Empanadas are stuffed pastries that are baked or fried. They’re usually stuffed with savory minced meat like chicken, beef or chorizo. In this recipe I replace ground beef with ground turkey and make a (mostly) traditional Cuban picadillo. Then the empanadas are fried until golden. The result is a delicious flaky crust and savory meat filling. Delicioso!



2 tbsp. Olive Oil

1 Small Onion, finely diced

1 Carrot, finely diced

1 Celery Stalk, finely diced

2-3 Garlic Cloves, minced

1 tsp. Salt, or to taste

¼ tsp. Black Pepper, or to taste

¼ tsp. Cumin

¼ tsp. Dried Oregano

1 lb. Ground Turkey (lean but not turkey breast)

¼ cup White Wine

8 oz. Can Tomato Sauce

2 tbsp. Water

½ cup Pitted Spanish Olives, halved or chopped

10 Large Empanada Discs

1 Egg, slightly beaten

Canola Oil for frying, or use your favorite vegetable oil


Make the picadillo

Heat the olive oil in a large, deep skillet over medium heat. Add the onions, carrots and celery. Cook about 5-6 minutes until the onions are translucent, stirring frequently. Add the garlic and cook 1 minute, stirring frequently.


Raise the heat to high, add the ground turkey, salt, pepper, cumin and oregano to the skillet. Stir  to combine the ingredients well, breaking up any large pieces with a wooden spoon or a spatula as you go. Cook 5 minutes to brown the turkey, stirring frequently.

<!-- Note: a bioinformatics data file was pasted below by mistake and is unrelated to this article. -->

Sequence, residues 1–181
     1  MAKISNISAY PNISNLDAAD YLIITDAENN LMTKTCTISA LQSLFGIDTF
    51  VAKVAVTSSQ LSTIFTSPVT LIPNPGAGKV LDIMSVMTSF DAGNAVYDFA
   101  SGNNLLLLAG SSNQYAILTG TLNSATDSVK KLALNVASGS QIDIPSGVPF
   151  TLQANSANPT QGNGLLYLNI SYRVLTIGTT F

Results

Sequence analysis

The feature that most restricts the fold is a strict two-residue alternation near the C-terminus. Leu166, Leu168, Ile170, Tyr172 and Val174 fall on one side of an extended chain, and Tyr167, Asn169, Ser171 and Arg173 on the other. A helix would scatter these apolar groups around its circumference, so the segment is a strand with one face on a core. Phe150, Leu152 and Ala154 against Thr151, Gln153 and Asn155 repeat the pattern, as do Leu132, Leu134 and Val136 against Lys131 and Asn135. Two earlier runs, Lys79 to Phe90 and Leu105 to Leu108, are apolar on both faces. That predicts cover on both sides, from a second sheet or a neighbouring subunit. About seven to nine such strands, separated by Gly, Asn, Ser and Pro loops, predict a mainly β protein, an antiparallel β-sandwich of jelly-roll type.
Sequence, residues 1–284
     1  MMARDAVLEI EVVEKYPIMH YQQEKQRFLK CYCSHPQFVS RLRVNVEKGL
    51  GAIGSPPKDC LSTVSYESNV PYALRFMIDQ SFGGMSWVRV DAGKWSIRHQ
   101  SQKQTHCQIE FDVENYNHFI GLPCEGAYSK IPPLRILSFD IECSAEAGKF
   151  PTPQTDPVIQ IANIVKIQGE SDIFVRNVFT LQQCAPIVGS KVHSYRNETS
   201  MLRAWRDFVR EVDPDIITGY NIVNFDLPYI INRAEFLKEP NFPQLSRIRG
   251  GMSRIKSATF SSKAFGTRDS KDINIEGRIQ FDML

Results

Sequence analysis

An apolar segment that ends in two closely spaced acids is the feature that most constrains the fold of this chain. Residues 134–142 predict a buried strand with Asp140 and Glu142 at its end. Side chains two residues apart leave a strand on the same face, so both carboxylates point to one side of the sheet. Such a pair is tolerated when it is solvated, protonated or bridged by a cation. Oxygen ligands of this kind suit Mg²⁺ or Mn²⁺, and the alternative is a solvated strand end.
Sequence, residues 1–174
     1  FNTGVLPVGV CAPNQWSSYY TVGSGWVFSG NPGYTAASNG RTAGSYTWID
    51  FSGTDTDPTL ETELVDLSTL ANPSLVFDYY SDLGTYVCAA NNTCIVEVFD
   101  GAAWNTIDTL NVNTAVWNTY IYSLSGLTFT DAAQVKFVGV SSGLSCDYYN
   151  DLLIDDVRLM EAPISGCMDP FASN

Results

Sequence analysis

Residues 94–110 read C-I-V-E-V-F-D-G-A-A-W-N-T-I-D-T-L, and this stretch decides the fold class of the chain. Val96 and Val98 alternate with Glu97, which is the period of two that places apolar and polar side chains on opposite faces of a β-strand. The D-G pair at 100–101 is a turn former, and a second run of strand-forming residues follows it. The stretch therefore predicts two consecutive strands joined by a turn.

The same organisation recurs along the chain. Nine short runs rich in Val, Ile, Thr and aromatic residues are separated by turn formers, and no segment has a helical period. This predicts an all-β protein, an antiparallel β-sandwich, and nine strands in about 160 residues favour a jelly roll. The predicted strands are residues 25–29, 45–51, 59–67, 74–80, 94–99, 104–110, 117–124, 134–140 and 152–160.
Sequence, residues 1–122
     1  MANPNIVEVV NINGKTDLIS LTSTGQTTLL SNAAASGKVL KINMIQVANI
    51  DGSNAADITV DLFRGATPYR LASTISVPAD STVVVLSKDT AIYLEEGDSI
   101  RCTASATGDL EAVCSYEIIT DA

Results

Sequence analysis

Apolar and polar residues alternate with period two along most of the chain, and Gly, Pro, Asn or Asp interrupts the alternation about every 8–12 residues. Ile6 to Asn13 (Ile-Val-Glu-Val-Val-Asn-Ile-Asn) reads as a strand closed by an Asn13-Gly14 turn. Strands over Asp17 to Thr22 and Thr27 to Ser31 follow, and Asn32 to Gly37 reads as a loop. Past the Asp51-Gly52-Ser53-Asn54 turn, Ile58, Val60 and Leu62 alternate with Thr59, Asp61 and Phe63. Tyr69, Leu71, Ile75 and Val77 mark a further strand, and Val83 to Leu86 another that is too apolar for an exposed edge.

Add the wine to the skillet; cook about 2 minutes until most of the liquid evaporates, stirring frequently.


Add the tomato sauce, 2 tbsp. water and olives, stir to combine. Lower the heat to medium-low, cover and cook for approximately 20 minutes to allow the flavors to develop and combine, stirring occasionally. Note: Keep the picadillo at a simmer, if the sauce is boiling too vigorously, lower the heat just a bit.


Take the picadillo off the heat and allow it to cool completely.


While the picadillo cools, prepare a station to build the empanadas


  • Line a couple of baking sheets with parchment paper to place the empanadas. You can stack the empanadas, just use a piece of parchment paper in between so they don’t stick and break.


  • Prepare a small bowl with the beaten egg.


  • Working with one empanada disk at a time, add about 2 heaping tablespoons of the picadillo in the middle.


  • Using a small pastry brush, or your finger, moisten around the edges of the dough.


  • Fold the round in half, press the edges together gently.


  • Use a fork to press the edges together. Set the empanada on the lined baking sheet and repeat with the rest of the ingredients.


​Fry the empanadas

Add enough oil to a large, deep skillet to cover the bottom by an inch or two. Heat the oil over medium-high heat. Add one or two empanadas at a time. Don’t overcrowd the pan and make sure they don’t touch. Fry the empanadas in the medium-hot oil until golden brown, turning a few times to get a nice even color on both sides.


When you lift the empanada from the oil, allow it to drain a few seconds over the skillet, and then place it on a pan that’s been lined with a couple paper towels.​


Cook’s Notes:

Depending on where you live you may be able to find empanada discs in the freezer section of larger food chains or Latin markets. They’re round, thin dough discs that come frozen, usually ten to a pack. Defrost the discs according to package directions prior to using.


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